As writers, we spend a lot of time alone. It’s a necessary evil. I’ve made my peace with that, and I’ve come to cherish that alone time. Those hours when it’s just me and my keyboard or notebook, or even just me and my thoughts. Because face it, it’s not all about the writing. Some of it is the planning and the plotting and the mental gymnastics we go through to figure out how to get the hero from point A to point Z. Some of it is rethinking a path we’ve set our characters on that isn’t working or just the sheer joy of building the world our protag will inhabit.
I’ve noticed as I get deeper into a story, though, I have a harder time breaking free. I get into that sweet spot writers call “the zone,” and then the solitude isn’t evil any longer. When life calls me out of the dark room of my mind and into the bright light of reality, I get a little rebellious. I don’t want to leave. Why can’t someone else take care of paying the bills or buying the groceries? Surely I can put off the dentist appointment I’ve already rescheduled three times, and pizza for supper one more night won’t hurt anyone. The zone is so hard to get into sometimes that being jerked away from it can be physically painful.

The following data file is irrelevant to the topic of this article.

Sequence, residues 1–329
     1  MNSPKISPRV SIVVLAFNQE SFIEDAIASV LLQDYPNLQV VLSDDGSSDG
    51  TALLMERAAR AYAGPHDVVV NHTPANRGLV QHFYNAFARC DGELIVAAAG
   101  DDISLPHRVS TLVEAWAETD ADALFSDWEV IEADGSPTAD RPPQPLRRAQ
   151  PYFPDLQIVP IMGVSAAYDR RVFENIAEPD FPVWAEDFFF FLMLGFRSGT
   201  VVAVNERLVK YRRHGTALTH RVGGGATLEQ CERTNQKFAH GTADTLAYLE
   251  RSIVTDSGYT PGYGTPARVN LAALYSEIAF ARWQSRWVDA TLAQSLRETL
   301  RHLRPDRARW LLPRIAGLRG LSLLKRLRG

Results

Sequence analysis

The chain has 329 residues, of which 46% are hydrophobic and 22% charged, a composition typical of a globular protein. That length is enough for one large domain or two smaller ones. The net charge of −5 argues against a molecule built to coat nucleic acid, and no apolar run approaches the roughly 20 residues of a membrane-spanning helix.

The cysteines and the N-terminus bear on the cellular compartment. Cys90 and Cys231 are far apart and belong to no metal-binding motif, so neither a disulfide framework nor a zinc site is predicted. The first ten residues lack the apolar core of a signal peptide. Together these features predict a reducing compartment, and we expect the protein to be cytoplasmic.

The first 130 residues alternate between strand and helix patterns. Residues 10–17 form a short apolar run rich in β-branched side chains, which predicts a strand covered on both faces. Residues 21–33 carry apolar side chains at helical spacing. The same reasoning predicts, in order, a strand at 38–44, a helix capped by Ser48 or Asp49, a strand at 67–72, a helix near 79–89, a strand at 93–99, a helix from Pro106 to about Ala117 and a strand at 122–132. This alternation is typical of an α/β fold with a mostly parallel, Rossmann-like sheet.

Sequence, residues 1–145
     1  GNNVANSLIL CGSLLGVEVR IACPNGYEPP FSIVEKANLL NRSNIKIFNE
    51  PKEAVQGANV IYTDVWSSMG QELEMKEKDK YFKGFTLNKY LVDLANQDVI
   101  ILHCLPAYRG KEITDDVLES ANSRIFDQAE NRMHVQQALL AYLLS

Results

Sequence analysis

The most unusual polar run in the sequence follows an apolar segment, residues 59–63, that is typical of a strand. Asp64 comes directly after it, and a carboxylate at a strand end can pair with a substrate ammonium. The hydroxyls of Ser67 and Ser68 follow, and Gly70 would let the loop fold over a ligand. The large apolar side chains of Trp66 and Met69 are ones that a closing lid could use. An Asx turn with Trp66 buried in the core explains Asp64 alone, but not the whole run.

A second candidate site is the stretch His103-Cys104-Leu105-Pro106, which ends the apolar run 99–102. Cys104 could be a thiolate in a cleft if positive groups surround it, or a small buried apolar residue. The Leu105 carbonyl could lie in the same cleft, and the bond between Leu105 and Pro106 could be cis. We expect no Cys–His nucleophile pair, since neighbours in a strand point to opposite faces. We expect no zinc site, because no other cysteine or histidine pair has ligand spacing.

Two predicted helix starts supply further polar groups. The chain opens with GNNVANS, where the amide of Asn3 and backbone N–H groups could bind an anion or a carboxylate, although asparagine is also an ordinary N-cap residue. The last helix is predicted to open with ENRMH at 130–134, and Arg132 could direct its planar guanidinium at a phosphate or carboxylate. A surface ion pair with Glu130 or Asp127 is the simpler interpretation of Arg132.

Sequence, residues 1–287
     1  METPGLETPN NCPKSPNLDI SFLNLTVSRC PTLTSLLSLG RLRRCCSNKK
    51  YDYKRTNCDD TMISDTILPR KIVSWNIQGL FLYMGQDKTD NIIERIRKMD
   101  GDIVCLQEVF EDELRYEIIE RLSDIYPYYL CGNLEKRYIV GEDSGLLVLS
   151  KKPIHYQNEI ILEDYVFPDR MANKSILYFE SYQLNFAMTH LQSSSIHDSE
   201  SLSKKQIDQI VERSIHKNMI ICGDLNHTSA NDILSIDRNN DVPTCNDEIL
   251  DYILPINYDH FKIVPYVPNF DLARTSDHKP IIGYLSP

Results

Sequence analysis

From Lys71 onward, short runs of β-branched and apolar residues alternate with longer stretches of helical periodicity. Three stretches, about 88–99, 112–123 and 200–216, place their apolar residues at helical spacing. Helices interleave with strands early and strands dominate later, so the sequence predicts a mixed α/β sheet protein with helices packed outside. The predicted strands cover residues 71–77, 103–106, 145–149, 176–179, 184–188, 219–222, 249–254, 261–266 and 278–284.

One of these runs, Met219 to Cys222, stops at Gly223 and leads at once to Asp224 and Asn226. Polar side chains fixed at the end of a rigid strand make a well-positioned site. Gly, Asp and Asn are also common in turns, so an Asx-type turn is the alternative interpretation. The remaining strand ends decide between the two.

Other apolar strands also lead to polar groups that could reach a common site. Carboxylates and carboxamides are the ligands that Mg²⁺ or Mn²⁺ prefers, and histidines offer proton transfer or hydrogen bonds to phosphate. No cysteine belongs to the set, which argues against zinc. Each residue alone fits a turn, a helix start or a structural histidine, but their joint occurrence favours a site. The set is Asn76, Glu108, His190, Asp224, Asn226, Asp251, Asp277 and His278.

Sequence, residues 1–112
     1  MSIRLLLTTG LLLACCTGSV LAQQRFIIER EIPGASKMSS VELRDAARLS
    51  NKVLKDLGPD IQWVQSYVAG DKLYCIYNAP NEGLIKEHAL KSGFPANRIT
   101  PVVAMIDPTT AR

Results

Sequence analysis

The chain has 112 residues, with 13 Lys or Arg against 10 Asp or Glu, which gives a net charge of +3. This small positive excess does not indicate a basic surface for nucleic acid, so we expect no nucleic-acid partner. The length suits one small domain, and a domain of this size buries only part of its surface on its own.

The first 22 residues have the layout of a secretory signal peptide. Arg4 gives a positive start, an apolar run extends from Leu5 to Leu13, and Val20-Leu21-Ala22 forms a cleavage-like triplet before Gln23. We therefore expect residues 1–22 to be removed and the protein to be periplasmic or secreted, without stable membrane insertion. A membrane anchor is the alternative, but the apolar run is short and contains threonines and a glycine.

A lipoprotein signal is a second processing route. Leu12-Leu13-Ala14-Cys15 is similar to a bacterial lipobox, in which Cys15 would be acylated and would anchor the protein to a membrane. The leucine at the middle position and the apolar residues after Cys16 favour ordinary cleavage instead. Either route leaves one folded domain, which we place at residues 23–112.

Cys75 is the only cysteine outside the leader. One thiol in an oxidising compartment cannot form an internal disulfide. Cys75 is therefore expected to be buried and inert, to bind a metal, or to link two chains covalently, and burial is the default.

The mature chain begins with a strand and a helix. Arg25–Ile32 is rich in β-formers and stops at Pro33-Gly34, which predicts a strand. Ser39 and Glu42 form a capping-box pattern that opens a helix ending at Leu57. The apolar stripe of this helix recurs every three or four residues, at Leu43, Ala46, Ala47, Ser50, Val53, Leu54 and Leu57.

But those forays into real life are as necessary as solitude is for us. They are what keep us grounded and able to endure prolonged closeness with the stories we write. For those times when we breathe the lives of our characters like air, when we become so intensely involved in what they are doing, thinking, feeling that we can’t dissociate ourselves from them. That is when the touchstones of our everyday existence bolster us as we emerge, blinking and emotionally drained, from the caves of our imaginations. I try not to resent that time away from doing what I love by constantly reminding myself that I’m filling up my reserves so I can dive back into the wonderland I’ve created.
Once in a while, that even works.